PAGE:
And so, I actually say community is our product. If you think about coaching, coaching is a form of community. It’s a one-on-one community, but there’s also group coaching. There’s also multiple (inaudible) coaching.
So, to me, I can’t imagine these days being successful without community. And a lot of products that we think don’t have community, they actually do. We just don’t recognize it.
And we haven’t seen the early days – like the early days of Twitter, there was definitely a community. There was – early days of LinkedIn, it’s literally who Reid invited. That was the community. Product Hunt is a perfect example. Product Hunt started as an email list, right, that Ryan started. It was a small community and then it became the website.
So, I actually think most of the successes we’ve seen around anything social related are based on community. But often founders and investors think you need to have product. But your community can tell you what product you need to have. I mean Product Hunt is a perfect example of that.
Yeah, I say this all the time. It’s so easy as a founder to look at these success stories of companies that are in their later stages that are already successful and try to copy that. And you’re totally blind to the sort of winding path they took to get there.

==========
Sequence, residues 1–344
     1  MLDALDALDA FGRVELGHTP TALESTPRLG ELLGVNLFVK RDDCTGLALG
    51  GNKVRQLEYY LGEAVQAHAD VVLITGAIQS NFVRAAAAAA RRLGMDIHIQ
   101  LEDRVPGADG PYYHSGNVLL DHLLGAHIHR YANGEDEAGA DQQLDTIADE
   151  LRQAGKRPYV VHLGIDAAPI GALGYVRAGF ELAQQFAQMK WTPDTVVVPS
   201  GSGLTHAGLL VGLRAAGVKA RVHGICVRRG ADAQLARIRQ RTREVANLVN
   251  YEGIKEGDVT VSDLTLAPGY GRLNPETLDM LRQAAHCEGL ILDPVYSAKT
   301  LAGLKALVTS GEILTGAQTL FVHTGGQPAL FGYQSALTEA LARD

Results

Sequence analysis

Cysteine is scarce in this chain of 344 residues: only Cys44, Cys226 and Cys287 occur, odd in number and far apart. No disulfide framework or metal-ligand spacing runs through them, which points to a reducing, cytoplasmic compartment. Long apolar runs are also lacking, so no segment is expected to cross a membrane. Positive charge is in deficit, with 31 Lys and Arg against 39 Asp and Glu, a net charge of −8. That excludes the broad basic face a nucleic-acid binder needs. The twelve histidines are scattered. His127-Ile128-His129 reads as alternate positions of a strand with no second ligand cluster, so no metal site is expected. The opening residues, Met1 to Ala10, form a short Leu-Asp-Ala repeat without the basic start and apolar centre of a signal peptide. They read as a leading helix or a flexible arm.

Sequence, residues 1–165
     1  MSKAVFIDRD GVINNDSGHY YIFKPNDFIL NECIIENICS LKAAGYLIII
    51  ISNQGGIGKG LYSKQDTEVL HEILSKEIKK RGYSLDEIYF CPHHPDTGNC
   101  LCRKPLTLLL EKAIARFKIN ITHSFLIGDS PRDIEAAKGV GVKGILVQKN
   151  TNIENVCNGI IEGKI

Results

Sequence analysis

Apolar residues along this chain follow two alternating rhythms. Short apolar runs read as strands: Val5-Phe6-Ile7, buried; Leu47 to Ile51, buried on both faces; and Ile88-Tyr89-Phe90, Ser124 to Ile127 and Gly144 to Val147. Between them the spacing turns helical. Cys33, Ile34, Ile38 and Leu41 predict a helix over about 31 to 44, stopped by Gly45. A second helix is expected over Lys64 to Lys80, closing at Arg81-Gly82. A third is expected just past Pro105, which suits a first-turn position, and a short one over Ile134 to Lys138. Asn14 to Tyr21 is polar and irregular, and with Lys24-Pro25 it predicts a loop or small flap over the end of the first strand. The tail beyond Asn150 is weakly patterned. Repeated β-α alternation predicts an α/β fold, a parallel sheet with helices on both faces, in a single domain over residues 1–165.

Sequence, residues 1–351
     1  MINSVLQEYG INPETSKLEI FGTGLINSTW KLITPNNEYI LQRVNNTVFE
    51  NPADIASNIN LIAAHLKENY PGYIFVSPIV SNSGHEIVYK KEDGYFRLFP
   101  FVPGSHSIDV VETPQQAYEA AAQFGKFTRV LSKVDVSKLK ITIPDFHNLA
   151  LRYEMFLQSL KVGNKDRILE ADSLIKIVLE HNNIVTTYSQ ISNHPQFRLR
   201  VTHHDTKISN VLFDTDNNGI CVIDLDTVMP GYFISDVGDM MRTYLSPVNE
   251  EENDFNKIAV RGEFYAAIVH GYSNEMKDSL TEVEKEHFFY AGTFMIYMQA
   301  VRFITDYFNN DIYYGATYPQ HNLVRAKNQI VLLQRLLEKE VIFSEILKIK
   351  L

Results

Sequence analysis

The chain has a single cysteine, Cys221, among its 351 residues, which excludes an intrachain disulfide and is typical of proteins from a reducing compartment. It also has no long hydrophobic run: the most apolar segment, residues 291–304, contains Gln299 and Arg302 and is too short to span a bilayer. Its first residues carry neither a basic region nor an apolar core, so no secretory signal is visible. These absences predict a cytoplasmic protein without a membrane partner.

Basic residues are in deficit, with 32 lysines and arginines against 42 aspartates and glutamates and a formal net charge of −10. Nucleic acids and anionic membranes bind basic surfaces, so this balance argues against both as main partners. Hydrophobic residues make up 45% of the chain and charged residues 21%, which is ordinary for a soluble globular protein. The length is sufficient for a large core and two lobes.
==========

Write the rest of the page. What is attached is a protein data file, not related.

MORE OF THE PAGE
You’ve got to start at the beginning of the path. You can’t just skip straight to the end. You can’t go to a gym and copy the biggest person there and lift as many weights as they’re lifting. You’re going to get crushed.
So, I think this is such a keen observation, the sort of genesis of so many of these consumer-facing applications and products. They started off with a really small community and that gave them some advantages that they could build on top of.
How do you build a successful product off the back of a community once you’ve got it going though? Because not all communities really lend themselves to some sort of product that you can sell them. And even if you do, you have to be kind of careful not to be too salesy otherwise it’s pretty easy to compromise a trust that your community already has in you. It seems like you’ve avoided that completely and your community is super enthusiastic about all the stuff that you’re doing. How do you walk that line?
I don’t know if I agree that not every product can have a community because your customers are your community at some point. So even if you’re building some total SAAS, maybe just some pure marketing product, the customers you have are your community. You want to engage and learn from them.
I think ultimately it is about listening and asking what they want and understanding what their pain points really are. Like I have a saying: benefits, not features. If you go to a lot of home pages, they’ll have features like, “Email 1,000 people. This costs $30 a month and have merged link list let’s say, for a mail product.”
The benefit is reach your customers at any time. For like (inaudible) product. Create beautiful marketing that your customers can relate to. Talk to your customers every day if you want. That’s more benefit-oriented. And I think when you talk to the community, you can understand their pain points and you can create benefits for them.